You think that we should have a conversation about TRUST?   I talk about trust and leadership a lot and I believe that you need both but as pointed out to me by my good friend Matt Sutton, we are diluting the value of these words.  In a paper put out by Harvard Business Review they talk about leadership and of course all of us collaboration types run to the well.

You know what the truth is though?   The truth is that leadership is mostly dead.   It is like that Pixar movie Wall-e trying to find trust and leadership in an environment that we consume and kill everything in our path.   A few years ago I asked leadership in my organization how many Industrial Psychologists we have on staff in order to help teach leadership how to understand and work with people better, the answer was none.   Not one, because while people are the most important asset, they are only important when the organization is lacking in some capacity.  It is like air, you aren’t missing it until you have none.   Leaders today are more than not politicians that say things they don’t mean or can’t support and trust is the word they use to make it sound as-if.

In my years of working I have seen great leaders and they are few and when I worked for them or worked with them, I knew because trust was an activity, more than just a word.

Have you ever had your life in someones hands?   Have you even had someones life if your hands?  We all have but we have forgotten because it is easy to forget who and what we are.   It is easy to put out the list of 5 things you need to know to be a great leader.  It is hard to do the work and lead from where you are.

Sutton Says

If you’re a worker in the trenches trust means two things that are important to both leadership and to environments were you work with people remotely.

1. Knowing Right from Wrong.  In the absence of religion, corporations establish “Core Values”, “Morality Clauses”, “Codes of Conduct”.  You get the idea.  Something to provide a pseudo moral compass.  Ironically I have never seen the number one core value (or whatever you want to call them) on corporate literature.  Making money.

We know the business needs to make money so the real question a person working has to ask, “Will meeting the profit goals of the company come at my expense?”  In order for workers to even begin having trust in their leadership they need to know that the powers that be aren’t going to be the ones lighting our final cigarette in front of the firing squad of profit.

2. Gauging whether our coworkers or leadership know right from wrong is tricky.  Historically that kind of insight usually comes from life-n-death situations where self-preservation strips away all of our pretenses.  In the corporate world it usually comes from an equally scary dice roll of putting ones self out there to be judged by your peers and see who steps to support you. But isn’t that the whole point of trust?  To know whether your peers and leadership has your back when you do take risks or get in tight spots?  Few are the people who take such risks and fewer are the ones who survive it.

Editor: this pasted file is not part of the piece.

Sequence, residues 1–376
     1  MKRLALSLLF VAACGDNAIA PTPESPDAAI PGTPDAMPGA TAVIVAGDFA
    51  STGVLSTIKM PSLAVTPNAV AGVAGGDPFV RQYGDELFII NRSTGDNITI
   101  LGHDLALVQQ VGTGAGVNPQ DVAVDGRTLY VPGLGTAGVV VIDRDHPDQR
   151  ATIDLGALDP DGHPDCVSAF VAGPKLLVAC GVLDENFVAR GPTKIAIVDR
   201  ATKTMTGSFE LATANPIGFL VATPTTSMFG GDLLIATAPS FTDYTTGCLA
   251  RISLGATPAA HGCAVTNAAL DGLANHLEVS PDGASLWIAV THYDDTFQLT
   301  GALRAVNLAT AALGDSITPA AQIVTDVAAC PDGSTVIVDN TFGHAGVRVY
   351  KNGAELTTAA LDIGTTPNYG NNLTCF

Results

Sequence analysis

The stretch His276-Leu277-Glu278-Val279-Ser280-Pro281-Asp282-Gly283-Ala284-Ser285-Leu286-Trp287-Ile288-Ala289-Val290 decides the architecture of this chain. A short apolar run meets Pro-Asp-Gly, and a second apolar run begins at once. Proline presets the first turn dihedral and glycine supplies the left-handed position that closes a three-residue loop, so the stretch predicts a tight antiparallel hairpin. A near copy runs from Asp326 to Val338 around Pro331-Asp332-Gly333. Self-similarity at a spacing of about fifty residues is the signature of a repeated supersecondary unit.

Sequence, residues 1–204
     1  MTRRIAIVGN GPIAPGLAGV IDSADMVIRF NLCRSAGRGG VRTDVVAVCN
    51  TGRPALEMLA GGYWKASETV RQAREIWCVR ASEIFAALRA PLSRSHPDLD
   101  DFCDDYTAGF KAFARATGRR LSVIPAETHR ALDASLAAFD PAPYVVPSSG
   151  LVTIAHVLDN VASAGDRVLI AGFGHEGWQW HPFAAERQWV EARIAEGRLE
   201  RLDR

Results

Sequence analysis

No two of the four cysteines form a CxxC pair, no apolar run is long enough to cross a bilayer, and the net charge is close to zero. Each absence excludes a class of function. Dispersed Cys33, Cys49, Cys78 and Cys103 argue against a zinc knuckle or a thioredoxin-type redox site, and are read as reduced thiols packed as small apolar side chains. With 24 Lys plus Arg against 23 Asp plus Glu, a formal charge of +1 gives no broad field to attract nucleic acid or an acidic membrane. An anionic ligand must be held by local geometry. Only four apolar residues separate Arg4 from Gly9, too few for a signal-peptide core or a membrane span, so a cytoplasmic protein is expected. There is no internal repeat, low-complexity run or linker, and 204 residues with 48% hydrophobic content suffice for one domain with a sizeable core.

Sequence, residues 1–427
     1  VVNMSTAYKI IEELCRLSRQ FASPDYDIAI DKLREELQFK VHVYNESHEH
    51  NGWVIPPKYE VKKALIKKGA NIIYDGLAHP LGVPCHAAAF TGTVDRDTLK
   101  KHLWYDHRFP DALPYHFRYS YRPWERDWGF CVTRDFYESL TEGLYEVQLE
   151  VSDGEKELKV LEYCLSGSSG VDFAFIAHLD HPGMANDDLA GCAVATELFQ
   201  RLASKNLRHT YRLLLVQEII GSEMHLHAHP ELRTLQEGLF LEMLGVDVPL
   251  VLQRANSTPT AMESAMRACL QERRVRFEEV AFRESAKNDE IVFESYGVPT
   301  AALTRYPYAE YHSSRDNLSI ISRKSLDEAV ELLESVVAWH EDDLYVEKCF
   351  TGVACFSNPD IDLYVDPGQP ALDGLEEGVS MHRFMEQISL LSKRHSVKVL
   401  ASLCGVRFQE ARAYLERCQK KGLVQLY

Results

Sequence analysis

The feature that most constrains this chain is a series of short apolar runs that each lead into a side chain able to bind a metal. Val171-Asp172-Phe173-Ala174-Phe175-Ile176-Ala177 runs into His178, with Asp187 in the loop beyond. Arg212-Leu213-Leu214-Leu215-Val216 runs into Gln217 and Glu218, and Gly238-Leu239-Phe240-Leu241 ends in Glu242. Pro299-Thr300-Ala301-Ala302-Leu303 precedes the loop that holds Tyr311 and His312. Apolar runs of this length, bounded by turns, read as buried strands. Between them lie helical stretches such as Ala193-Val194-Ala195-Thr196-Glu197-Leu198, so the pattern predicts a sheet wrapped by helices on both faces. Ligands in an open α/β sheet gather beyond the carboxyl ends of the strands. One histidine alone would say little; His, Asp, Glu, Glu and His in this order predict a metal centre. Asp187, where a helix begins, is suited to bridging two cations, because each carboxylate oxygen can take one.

Finally,  if you are at all interested here is the discussion that ended with more discussion.  Don’t look for correct grammar it is a chat but the conversation was interesting.

Matt:

can I comment on how much I detest blogs and articles where the

writer begins by commenting on how smart they are?

The Four I’s of Leadership Communication

this link is a great example

Howie:

I didn’t have a chance to blog yesterday and I need to… maybe this

should inspire me

Matt:

And I need to express this: I want to punch the next person who talks

about “Building Trust” in terms of Leadership and Communication

Howie:

You would punch me then, when I see you, you can punch me.

Matt:

My thing with “trust” is that it is a nebulous and vague attribute.

people know it’s essential, but no one knows really how to do it

Howie: Integrity, intent, capability, results (trust) we can break it down more (M.R.COVEY)

who are we? what do we believe?

what do we want?

What tasks are associated with that?

What have we done? What are the results of our past interactions?

Do we bad mouth others?

Are we honest?

Are we too honest?

Are we enablers for us or enablers for me?

Does this dress make me fat?

the answer.. is.. not the answer itself but your response (overall)

in other words.. I trust you because I know that you will tell me what

I need to know from your perspective even if it hurts a little

but the pain of my self-consciousness is less important than knowing

what I can / should do to right myself.

You have my trust and that is important. It is number 1 important.

If you call me and you need my help, I will be there for you no matter

what time and what circumstance.

That is trust.. it is clear and to the point and detailed not vague.

Trust is not something you give away like candy, it has to be earned

or give via a token.

It has to be nurtured like a flower.

If you leave it without water it will die, if you don’t tend to your

relationships trust diminishes over time.

Matt: I am calling you and talking to your wife right now.

Howie: UH OH!